|Type||Working Paper - Carleton College Department of Economics Working Paper|
|Title||Primary and secondary school class size and intergenerational earnings mobility|
While theory suggests that public expenditures on education may affect intergenerational
earnings mobility, the direction of the effect hinges on whether such outlays substitute for
or complement private human capital investments. This paper empirically evaluates the
question using census data in the Integrated Public Use Micro Sample from 1940-2000.
The results show that state-cohorts with smaller class sizes generally enjoy less
intergenerational mobility, indicating that class size reductions benefit children from
high-income families more than those from low-income families. The size of the effect is
substantial: the effect of moving from one standard deviation above to one standard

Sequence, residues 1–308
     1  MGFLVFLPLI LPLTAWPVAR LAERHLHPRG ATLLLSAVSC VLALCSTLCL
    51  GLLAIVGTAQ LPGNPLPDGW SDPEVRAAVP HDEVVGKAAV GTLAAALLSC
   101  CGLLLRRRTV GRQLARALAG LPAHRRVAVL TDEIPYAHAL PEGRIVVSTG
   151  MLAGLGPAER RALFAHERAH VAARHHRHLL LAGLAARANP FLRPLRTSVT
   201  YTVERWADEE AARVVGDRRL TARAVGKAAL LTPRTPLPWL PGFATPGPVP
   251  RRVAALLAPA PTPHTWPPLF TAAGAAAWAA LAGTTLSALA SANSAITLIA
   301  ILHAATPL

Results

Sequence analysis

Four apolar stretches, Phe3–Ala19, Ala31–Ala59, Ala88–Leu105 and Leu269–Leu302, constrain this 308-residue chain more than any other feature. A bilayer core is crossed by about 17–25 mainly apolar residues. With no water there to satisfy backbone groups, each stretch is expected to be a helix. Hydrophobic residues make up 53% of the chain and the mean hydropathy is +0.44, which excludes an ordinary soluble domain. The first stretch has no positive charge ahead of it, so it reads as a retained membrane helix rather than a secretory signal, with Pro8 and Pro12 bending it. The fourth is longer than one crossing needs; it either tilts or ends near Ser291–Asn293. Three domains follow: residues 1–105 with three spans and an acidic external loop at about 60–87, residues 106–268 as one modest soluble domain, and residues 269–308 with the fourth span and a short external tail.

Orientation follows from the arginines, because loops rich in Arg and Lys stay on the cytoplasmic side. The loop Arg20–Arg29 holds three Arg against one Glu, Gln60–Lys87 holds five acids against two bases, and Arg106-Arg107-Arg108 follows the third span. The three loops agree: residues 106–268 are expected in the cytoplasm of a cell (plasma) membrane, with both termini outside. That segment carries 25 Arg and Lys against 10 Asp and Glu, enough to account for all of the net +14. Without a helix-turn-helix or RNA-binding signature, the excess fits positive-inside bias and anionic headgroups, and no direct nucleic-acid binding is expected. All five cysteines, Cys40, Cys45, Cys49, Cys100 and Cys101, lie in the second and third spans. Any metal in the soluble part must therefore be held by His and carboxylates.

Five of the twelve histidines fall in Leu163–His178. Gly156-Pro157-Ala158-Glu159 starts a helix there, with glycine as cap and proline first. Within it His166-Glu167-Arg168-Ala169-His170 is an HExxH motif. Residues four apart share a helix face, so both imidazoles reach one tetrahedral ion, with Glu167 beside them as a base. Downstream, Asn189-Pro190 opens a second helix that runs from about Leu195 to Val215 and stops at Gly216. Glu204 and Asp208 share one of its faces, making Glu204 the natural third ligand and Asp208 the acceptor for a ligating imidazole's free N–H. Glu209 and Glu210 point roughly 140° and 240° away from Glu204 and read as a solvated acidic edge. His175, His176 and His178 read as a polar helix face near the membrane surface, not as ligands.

deviation below the mean class size increases earnings persistence by more than 40%.
These results are robust to controls for the average class size in the state in years the
individual was not in school, a finding which rules out many endogeneity explanations.
|»||United States - Census of Population and Housing 1960 - IPUMS Subset|
|»||United States - Census of Population and Housing 1970 - IPUMS Subset|
|»||United States - Census of Population and Housing 1980 - IPUMS Subset|
|»||United States - Census of Population and Housing 1990 - IPUMS Subset|
|»||United States - Census of Population and Housing 2000 - IPUMS Subset|